Thursday, 19 November 2015

Apple Pastry Roses

This recipe has been doing the rounds of the internet all year. It first came to my attention when Simon sent me a link to a Facebook entry by someone in Normandy who had made them. Since I am still using up our pantry full of homegrown apples I decided to make them myself and take to Tim and Gaynor's annual curry evening.

Ready for the oven.
2 packets puff pastry
3 red skinned apples
1 litre water
Juice of a lemon
6 tbsp apple jelly
Ground cinnamon (optional)
Icing sugar (optional)
A little flour for dusting the bench

  1. Pre-heat the oven to 190°C.
  2. Grease a 12 berth cupcake tray (unless you are using silicone).
  3. Put the water and lemon juice in a bowl that you can use in the microwave (or a medium sized saucepan).
  4. Cut the apples in half vertically (ie from stem to blossom end).
  5. Take out the apple cores (a melon baller is useful, or just cut out with a paring knife).
  6. Slice the apples horizontally. This gives the most even curved skin edge to your apple slices. Slice as thin and evenly as you can. Use a mandolin if you have one. As you slice each apple half put the slices immediately in the acidulated water so they don't brown.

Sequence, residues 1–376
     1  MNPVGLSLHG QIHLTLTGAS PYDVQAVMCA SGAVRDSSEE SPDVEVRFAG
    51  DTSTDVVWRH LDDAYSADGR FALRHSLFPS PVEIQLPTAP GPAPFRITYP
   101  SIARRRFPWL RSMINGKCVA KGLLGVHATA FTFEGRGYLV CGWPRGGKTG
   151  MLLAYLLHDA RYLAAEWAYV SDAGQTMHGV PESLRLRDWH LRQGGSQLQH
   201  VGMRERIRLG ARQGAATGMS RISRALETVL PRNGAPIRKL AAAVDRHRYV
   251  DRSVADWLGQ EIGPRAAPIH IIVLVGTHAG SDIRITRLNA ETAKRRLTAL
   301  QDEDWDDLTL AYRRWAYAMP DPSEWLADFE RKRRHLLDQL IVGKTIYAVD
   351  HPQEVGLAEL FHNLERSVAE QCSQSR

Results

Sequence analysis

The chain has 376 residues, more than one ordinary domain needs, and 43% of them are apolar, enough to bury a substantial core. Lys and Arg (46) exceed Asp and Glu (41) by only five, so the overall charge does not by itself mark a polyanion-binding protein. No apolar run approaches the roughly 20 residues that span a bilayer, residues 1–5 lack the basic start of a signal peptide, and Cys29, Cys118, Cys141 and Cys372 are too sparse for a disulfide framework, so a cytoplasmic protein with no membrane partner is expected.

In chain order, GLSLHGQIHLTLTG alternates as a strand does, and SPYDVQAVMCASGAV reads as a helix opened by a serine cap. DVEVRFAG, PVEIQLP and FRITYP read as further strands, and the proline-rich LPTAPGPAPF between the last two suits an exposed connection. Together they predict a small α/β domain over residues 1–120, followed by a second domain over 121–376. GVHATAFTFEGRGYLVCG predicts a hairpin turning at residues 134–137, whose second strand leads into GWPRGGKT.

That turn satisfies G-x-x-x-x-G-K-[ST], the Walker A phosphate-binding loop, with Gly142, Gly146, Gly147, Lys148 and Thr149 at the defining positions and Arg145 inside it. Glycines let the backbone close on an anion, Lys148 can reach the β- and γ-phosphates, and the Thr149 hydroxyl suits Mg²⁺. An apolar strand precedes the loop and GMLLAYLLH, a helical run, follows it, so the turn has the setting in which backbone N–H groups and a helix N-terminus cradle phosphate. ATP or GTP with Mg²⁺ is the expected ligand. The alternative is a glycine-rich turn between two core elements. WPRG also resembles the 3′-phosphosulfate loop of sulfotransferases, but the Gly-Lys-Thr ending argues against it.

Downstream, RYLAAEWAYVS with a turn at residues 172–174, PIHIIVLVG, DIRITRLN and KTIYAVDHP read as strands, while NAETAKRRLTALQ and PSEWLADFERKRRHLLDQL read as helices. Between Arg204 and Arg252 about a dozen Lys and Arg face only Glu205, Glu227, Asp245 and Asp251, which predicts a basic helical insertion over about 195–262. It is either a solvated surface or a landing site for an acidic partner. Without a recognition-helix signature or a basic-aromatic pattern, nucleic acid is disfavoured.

7. Microwave the apples in the water for 5 minutes (or blanch on the stove). This makes the slices more flexible but doesn't cook them enough that they disintegrate.
  8. Drain the apples.
  9. Microwave the apple jelly for 30 seconds (or heat in a small saucepan) to make it easier to spread evenly.
  10. Sprinkle some flour on the bench, lay out one of your your puff pastry sheets and roll it to stretch it out so it is thinner than pre-rolled pastry and forms a rectangle about 22 cm x 30 cm.
  11. Divide the pastry into 6 strips about 5 cm x 22 cm.
  12. Smear each strip with a couple of teaspoons of apple jelly.
  13. Lay the apple slices along one long edge of the pastry strip so that the curve of the apple slice projects very slightly beyond the pastry and each slice overlaps the other by about half.
  14. Sprinkle with cinnamon if desired.
  15. Fold the other long edge of the pastry up to partially encase the row of apple. Press gently to embed the apple a bit and prevent it moving so much when you start to roll them into roses.
  16. Take one end and start rolling. The apple slices will more or less automatically form themselves into a petal like arrangement. Roll all the way to the end of the strip.
  17. Place the rose in a cupcake well.
  18. Repeat steps 10 - 17 until you have a dozen roses.
  19. Bake for about an hour. After half an hour turn the tray around and loosely cover with a sheet of foil. After 45 minutes check every 10 - 15 minutes for doneness. If in doubt give them 10 - 15 minutes more as there is a lot of moisture in them and the pastry needs to be crispy not stodgy.
  20. Remove from the tin immediately and cool on a rack. You may need to run a knife around them to release them from any escaped toffeeised apple jelly.
  21. Dust them with icing sugar.
  22. Serve slightly warm, with vanilla icecream or custard.
 Just baked.